Who, in Ireland, would want to read a novel based on the family life of William Shakespeare? We have done Shakespeare to death in our school system. As adults some feel obliged to read, watch or go to his plays. Please leave the baggage at the door and come in to experience life in rural England in the fifteen hundreds with the Bard’s family.
Essentially the author uses a few facts from William Shakespeare’s life to bring us to a new appreciation of how people deal with tragedy. We meet Agnes (Ann) his wife, a strong woman of great insight and herbal knowledge. We meet his brutish father and his siblings. We feel the confines of family and village life.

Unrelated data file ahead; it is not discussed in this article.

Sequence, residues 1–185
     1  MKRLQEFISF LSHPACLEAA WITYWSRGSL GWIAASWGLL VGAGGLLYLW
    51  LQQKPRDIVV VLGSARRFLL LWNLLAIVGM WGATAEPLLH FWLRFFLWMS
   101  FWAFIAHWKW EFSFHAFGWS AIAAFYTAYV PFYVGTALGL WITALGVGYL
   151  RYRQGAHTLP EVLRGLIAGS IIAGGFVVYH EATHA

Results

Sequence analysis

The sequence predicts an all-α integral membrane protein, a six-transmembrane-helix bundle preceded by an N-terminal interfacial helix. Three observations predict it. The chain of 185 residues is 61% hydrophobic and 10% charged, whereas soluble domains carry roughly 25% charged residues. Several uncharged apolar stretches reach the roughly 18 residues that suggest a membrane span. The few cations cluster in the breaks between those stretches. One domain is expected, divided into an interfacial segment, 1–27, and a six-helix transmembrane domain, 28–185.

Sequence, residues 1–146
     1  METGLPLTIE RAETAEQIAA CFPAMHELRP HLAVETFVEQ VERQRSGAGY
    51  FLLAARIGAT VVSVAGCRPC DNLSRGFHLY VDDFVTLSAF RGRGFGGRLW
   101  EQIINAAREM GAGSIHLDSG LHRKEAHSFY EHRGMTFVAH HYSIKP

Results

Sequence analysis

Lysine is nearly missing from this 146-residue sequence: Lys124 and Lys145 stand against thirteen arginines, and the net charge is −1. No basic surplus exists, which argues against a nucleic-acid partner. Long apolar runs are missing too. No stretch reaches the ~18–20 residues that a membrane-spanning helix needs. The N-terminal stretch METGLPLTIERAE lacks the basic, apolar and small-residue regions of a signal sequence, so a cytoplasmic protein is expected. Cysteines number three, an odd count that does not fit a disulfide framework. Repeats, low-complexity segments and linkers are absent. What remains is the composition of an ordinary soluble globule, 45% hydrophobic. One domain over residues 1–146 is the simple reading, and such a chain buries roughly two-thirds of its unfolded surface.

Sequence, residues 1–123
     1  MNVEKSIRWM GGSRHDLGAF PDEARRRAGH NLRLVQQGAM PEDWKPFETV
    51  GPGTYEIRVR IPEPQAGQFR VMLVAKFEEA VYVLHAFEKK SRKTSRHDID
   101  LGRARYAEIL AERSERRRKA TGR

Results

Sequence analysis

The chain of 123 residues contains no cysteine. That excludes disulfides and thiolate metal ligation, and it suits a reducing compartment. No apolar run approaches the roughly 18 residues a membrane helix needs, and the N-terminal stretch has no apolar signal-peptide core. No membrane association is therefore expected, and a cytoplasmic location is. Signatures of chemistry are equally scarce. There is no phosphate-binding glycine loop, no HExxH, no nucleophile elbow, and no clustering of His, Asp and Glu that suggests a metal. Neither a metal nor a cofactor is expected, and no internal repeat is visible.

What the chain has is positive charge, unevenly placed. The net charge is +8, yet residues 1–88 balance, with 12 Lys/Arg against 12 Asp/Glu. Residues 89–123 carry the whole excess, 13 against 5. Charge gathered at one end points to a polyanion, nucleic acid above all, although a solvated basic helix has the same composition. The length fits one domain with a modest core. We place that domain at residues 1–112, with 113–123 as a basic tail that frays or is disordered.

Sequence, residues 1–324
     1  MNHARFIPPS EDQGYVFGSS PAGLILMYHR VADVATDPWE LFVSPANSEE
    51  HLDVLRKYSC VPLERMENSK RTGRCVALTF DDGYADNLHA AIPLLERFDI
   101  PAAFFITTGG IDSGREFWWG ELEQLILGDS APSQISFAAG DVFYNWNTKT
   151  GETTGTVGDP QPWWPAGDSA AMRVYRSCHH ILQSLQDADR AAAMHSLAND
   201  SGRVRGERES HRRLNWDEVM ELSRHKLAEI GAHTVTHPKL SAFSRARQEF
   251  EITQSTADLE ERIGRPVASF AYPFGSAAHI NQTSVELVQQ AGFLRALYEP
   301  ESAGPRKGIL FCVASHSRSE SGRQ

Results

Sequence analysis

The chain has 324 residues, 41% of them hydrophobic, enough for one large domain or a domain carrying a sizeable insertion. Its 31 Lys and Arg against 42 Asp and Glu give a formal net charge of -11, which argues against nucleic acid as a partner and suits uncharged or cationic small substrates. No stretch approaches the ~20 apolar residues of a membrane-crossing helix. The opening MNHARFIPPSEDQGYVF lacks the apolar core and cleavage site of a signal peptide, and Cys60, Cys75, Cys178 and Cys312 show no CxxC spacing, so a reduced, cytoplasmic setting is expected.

The “contact tracing” of the spread of plague is very current, as it reminds us of the randomness of infection and the role of dumb luck for those who avoid it.
The loss of a child is always a dreadful blow. Just because one person goes into classic grief does not mean that the other person is not affected just as deeply. Shakespeare the writer uses his personal tragedy to resonate through his most famous tragic play. This is a very rewarding read because it may allow the reader to return to the works of Shakespeare with even greater insight into “the Bard”.
Maggie O’Farrell is a great story teller, blending serious research and imagination to keep you glued to the pages of this remarkable novel.